We’ve been unit testing some of our plugins using the old WordPress-tests framework and tips from this 2012 blog post. The good news is that the framework has since been incorporated into core WP, the bad news is that it was changed along the way, and it wasn’t exactly easy to get the test environment setup correctly for the old WordPress-tests.
I’ve had a feeling there must be a better way, and today I discovered there is. WP-CLI has plugin unit test scaffolding that’s easy to install. Pippin’s Plugins’ guide to the scaffold is helpful as well. My experience was pretty smooth, with the following caveats:
cd $(wp plugin path --dir my-plugin)is just another way of saying “
cdinto the plugin’s directory.” It’s good to see the example of how wpcli can be used that way, but way easier for me to type the path.
bin/install-wp-tests.shcame out with some unexpected permissions. I did a
chmod 550 bin/install-wp-tests.shand was a lot happier. It’s possible (perhaps likely) that I’m missing a sexy unix permissions trick there, and the permissions are intentionally non-executable for non-root users, but there’s no obvious documentation for that.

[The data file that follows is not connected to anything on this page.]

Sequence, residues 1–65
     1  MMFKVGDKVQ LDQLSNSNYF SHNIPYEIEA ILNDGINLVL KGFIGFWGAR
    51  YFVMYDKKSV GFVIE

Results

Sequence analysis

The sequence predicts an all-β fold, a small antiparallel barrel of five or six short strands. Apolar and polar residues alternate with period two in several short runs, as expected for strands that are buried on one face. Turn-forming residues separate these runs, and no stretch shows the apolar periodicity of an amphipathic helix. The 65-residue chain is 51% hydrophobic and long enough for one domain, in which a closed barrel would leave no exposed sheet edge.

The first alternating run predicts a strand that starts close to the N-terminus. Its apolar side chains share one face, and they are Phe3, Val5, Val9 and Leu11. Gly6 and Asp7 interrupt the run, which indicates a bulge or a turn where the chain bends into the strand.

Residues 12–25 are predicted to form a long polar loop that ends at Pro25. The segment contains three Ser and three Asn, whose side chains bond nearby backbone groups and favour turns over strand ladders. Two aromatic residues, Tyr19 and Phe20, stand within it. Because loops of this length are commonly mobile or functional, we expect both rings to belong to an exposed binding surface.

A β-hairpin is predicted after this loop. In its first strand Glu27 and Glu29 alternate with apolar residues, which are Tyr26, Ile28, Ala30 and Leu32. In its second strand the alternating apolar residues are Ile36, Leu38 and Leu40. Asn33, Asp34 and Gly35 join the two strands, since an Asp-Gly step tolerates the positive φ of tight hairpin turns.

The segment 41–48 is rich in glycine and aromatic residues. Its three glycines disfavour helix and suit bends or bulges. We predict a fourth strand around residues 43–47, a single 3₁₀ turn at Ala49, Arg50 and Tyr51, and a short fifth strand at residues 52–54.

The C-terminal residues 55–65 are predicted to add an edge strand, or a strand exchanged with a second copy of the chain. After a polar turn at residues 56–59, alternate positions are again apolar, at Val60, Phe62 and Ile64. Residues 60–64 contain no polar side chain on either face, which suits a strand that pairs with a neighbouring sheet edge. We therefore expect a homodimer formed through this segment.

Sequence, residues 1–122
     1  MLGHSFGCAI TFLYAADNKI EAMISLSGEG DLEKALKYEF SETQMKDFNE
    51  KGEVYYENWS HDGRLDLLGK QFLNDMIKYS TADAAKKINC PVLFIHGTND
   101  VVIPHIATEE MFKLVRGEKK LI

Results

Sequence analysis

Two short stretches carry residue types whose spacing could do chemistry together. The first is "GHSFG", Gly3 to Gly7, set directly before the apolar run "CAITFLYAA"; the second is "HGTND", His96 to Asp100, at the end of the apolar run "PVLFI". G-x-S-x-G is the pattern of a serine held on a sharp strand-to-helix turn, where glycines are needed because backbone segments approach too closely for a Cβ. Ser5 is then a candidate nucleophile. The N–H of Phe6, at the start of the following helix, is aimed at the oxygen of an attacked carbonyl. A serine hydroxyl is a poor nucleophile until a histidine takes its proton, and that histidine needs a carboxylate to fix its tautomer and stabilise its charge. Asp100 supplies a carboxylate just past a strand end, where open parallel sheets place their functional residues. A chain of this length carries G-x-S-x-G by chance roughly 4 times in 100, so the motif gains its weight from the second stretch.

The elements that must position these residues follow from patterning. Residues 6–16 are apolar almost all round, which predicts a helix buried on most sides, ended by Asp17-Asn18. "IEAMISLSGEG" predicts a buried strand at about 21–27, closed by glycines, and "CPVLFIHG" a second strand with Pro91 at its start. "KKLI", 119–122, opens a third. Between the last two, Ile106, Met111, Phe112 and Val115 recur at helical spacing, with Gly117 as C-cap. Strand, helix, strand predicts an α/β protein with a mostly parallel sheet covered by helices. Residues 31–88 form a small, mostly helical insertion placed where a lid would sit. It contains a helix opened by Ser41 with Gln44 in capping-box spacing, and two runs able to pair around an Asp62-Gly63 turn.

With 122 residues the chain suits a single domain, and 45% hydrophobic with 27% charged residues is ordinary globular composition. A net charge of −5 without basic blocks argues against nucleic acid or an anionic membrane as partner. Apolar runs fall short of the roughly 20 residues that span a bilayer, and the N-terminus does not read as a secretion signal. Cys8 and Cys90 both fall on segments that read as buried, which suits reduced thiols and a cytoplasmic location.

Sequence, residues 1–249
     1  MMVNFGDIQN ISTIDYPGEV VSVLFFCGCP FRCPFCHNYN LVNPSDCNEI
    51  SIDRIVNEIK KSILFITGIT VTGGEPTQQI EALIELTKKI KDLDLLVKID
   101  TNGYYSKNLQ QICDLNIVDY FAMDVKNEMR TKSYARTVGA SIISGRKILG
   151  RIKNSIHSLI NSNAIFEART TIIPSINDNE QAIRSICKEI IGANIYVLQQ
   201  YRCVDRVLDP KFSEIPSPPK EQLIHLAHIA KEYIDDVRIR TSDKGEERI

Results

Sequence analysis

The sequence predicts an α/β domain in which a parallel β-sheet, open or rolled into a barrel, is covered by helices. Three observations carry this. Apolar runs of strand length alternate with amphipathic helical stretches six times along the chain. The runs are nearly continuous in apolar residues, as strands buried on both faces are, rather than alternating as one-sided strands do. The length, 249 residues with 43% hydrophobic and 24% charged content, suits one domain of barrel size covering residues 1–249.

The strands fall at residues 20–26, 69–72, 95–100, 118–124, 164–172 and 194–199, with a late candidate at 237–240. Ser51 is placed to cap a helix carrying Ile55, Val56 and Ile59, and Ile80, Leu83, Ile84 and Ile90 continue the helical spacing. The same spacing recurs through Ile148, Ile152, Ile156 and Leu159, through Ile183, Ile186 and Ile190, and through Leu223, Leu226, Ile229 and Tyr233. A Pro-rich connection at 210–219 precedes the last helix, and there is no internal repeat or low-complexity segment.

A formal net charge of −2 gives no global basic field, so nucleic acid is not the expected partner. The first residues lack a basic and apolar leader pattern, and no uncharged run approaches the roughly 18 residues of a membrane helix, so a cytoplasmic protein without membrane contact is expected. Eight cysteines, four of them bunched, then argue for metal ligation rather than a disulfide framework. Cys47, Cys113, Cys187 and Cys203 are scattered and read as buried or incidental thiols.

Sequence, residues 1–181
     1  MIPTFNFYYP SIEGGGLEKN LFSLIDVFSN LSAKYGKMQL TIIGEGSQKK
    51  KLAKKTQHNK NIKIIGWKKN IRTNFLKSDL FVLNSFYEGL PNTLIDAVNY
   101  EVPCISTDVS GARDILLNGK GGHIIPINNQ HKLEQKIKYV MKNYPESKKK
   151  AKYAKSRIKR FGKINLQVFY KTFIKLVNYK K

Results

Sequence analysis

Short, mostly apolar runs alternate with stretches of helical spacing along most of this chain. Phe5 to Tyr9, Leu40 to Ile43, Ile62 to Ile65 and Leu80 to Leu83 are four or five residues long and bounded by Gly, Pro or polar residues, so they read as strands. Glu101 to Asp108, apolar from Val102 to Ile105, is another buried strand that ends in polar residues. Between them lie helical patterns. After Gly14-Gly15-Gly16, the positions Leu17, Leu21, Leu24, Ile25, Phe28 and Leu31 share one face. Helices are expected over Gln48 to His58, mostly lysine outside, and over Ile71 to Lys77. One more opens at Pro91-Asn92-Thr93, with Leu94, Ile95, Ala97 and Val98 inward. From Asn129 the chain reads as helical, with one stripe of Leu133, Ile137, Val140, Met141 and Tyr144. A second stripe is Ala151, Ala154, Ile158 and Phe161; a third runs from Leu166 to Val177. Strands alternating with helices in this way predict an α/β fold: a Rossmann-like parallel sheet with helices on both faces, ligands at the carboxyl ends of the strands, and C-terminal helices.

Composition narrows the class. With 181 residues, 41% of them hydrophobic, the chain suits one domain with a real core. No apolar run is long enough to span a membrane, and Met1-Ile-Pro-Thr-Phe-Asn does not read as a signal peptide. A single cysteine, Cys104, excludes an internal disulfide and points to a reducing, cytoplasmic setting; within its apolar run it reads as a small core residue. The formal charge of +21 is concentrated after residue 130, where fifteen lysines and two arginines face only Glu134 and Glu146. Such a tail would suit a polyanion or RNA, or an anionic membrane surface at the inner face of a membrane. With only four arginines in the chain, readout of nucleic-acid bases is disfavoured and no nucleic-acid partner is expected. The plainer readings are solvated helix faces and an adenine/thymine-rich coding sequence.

bin/install-wp-tests.shneeds to run with a user that can create databases (probably
rootfor many people). I’m usually pretty particular about this permission, but the convenience factor here depends on it.
- The old framework expected
-test.phpto be the file suffix, the new approach expects the files to be prefixed with
All those are pretty minor, however. I think this approach will make it far easier to make tests distributable. The support for Travis (and from there to Github) is super sexy. All together, this should make tests easier to write and use.
I’ve added the scaffold to some of my most popular plugins:
Only bCMS has a meaningful test, written by Will Luo, but we’ll see where it goes from here. I’m still working out issues getting the test environment setup both locally and in Travis. Plugin dependencies, configuration, and git submodules are among the problems.